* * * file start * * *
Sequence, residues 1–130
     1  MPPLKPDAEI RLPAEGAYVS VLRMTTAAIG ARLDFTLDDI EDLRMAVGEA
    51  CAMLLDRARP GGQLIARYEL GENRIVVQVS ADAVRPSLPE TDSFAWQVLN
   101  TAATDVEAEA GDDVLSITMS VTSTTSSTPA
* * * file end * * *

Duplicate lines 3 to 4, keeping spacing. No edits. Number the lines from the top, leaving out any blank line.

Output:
    51  CAMLLDRARP GGQLIARYEL GENRIVVQVS ADAVRPSLPE TDSFAWQVLN
   101  TAATDVEAEA GDDVLSITMS VTSTTSSTPA